Access on Main Street

Hooking up a usable world, one mainstream product at a time.

A decent sort

Posted by Jane Berliss-Vincent 31 August 2010

We hear a lot of complaints from clients about their clogged Email inboxes–especially from folks with cognitive disabilities, who may be unsure what’s reasonably safe or not to open, who may have unreliable spam filters, or who may simply be overwhelmed. Enter the Priority Inbox feature for GMail, which prioritizes your inbox based on “who emails you the most, who you reply to the most, keywords taken from the emails you open most often, and how a message is addressed.” Users can also “train” the feature by indicating when Priority Inbox made a miscall. Not a full solution, but a likely helper.

Gadgetell: Google introduces new priority mail feature

On tap

Posted by Jane Berliss-Vincent 30 August 2010

There are a couple of new products that could make water faucets more accommodating to people with various types of upper body impairments. The Smart Faucet is a lever you can add to your current faucet; water only flows when the lever is pressed, eliminating the need to twist knobs on and off. The Tapi is a rubber cup that turns the water flow into a drinking fountain when squeezed. If they require minimum activation pressure, they could work for a lot of people.

Gizmodo: The faucet gets smart

Gizmodo: Tapi, a rubber adapter that turns your faucet into a drinking fountain

One order of iPad Thai

Posted by Jane Berliss-Vincent 30 August 2010

Sharp is trying out a restaurant app in Japan that would let individuals browse the menu and place their order by iPad. If implemented with even a soupcon of thoughtfulness, this could address a variety of access issues, from working with VoiceOver to provide an audio menu, to allowing non-literate people to find and select a picture of what they want, to providing a non-verbal ordering strategy for people with speech impairments. Tasty!

Crunchgear: iPad used as self-ordering system at restaurants

Lean, baby, lean

Posted by Jane Berliss-Vincent 30 August 2010

Some folks at the Ithaca College Tots on Bots project have the AoMS philosophy down pat: They’ve taken Wii Balance Boards and builds them into tiny robotic wheelchairs. When a very young child with physical disabilities sits in the chair and leans, the board senses their movement and steers the chair in the corresponding direction. Will this be expanded into wheelchair design for other ages, so that we’ll have Teens that Lean and Geezers on Wiizers?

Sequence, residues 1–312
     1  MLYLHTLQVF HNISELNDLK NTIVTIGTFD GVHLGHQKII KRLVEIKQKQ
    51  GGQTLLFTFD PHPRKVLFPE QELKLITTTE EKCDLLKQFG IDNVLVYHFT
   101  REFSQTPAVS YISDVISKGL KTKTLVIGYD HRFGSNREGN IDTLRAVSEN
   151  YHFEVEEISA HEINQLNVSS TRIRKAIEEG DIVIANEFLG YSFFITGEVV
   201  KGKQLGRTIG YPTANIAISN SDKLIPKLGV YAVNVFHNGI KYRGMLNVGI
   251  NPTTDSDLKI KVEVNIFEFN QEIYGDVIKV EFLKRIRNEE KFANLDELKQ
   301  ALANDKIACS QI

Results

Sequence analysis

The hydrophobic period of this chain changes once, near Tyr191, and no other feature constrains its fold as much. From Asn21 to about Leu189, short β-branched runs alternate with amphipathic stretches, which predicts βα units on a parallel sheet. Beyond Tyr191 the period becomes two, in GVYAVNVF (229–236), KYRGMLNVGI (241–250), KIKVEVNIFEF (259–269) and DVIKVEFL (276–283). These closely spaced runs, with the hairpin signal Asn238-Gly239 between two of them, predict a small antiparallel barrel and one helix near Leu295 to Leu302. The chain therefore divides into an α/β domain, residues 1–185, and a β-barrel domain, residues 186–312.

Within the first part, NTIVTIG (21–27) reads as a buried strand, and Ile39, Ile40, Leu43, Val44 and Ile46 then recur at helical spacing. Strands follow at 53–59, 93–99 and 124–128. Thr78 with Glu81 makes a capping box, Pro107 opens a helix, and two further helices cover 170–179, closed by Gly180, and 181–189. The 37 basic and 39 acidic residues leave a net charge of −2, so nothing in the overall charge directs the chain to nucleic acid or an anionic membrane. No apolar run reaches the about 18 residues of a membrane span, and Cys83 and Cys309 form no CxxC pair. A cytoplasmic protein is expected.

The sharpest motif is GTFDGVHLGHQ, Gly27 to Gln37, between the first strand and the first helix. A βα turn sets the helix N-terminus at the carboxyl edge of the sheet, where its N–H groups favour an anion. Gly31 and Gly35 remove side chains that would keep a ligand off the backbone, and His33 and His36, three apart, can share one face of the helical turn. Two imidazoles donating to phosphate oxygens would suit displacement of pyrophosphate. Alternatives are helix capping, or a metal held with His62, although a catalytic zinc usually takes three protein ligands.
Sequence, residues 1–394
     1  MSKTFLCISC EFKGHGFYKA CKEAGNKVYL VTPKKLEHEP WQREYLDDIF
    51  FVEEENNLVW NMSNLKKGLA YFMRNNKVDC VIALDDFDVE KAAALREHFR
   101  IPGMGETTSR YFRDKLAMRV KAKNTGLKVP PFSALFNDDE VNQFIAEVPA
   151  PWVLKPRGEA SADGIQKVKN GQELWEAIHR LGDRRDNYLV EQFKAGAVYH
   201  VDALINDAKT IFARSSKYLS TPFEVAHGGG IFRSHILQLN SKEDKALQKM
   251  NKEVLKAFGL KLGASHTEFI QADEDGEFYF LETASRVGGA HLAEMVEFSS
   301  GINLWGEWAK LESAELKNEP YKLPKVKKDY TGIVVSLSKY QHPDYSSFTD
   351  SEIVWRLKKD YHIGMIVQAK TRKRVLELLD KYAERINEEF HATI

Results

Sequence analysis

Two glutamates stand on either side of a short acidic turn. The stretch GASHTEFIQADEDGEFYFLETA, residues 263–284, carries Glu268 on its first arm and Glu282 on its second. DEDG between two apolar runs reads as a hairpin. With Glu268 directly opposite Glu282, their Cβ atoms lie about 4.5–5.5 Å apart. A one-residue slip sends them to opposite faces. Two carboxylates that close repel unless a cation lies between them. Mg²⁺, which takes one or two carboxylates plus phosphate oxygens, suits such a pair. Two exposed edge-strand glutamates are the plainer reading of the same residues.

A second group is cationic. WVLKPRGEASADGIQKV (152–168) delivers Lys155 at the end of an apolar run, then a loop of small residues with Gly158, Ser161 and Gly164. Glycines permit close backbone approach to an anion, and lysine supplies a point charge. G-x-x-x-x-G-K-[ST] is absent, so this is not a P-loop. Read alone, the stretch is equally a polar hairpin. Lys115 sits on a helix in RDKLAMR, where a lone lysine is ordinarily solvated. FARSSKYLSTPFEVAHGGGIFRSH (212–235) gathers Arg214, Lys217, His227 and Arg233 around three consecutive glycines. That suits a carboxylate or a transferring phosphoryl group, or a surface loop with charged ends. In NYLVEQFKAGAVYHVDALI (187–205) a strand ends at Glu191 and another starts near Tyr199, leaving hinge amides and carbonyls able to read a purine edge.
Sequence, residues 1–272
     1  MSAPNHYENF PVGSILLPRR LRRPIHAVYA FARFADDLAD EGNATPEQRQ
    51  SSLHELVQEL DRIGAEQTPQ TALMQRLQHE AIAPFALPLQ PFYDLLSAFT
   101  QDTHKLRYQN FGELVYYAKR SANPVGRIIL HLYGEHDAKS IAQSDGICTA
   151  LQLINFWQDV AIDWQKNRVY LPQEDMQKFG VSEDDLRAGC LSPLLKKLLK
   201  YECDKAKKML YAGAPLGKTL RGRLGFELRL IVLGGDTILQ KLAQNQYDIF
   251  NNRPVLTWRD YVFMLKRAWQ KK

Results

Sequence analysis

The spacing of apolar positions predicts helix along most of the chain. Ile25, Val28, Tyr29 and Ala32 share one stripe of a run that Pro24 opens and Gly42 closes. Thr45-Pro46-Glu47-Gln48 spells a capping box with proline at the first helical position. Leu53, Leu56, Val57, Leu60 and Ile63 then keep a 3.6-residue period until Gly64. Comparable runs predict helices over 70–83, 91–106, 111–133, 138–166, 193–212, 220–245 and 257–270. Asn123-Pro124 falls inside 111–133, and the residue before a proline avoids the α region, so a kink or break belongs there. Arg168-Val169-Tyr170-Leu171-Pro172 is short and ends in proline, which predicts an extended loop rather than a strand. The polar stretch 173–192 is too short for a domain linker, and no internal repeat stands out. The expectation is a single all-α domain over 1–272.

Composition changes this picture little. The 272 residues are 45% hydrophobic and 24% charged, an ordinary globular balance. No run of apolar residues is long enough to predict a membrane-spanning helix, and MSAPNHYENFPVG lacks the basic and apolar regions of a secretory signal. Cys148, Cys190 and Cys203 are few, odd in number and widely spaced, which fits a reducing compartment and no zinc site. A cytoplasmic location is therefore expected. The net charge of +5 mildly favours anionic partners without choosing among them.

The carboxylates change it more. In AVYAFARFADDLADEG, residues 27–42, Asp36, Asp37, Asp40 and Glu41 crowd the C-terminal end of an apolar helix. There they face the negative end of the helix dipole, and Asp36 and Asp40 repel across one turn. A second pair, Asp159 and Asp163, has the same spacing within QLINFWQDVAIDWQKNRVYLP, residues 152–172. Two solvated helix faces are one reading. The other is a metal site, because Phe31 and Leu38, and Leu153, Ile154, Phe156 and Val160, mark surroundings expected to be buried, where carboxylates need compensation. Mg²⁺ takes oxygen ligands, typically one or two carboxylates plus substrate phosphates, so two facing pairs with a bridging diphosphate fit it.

Engadget: Wii balance board-controlled robot a hit with toddlers in Ithaca

Prompt system

Posted by Jane Berliss-Vincent 28 June 2010

Prompt-It is a hardware device that turns text from your smart phone into a teleprompter. Could be a lifesaver for people with any type of dexterity or memory difficulties who have to give a presentation in situations where using other types of notes is difficult or undesirable.

Ubergizmo: Prompt-It iPhone teleprompter

Beam me up, Numi

Posted by Jane Berliss-Vincent 2 June 2010

Most of us have wallets or keychains bursting with loyalty and membership cards for various stores, and it doesn’t even take having a disability to experience difficulty finding and retrieving them when needed. Enter the Numi Key, which stores all your card information electronically, then lets you retrieve as needed and wirelessly transmit to a POS device. The display looks pretty legible (can we beg for a voice-output option in a future release?), and the buttons could well be tactilely discernable.

The Gadgeteer: Consolidate your loyalty cards into one device

Buddy system

Posted by Jane Berliss-Vincent 1 June 2010

We’ve written before about automated Twitter messages as a communication strategy, but most examples were either hacks or left little leeway for consciously choosing a desired message. Enter Buddy Radio, a simple device currently being tested with elders by the UK’s National Health Service. Turning the dial sends one of several messages indicating the user’s mood–not clear whether this is preprogrammed or personalizable. Apparently it works not only with Twitter, but also with Facebook, email, and so on. It’s currently being evaluated as a signaling system; off-site family, friends, and other message recipients would presumably be able to interpret when a user needs some type of intervention services. But we have cause to wish it were commercially available now so that people in hospice, recovering from serious injury, etc., would have a nearly effortless way to just provide brief but treasured messages to their circles.

Fast Company: Could oversharing save the lives of seniors?

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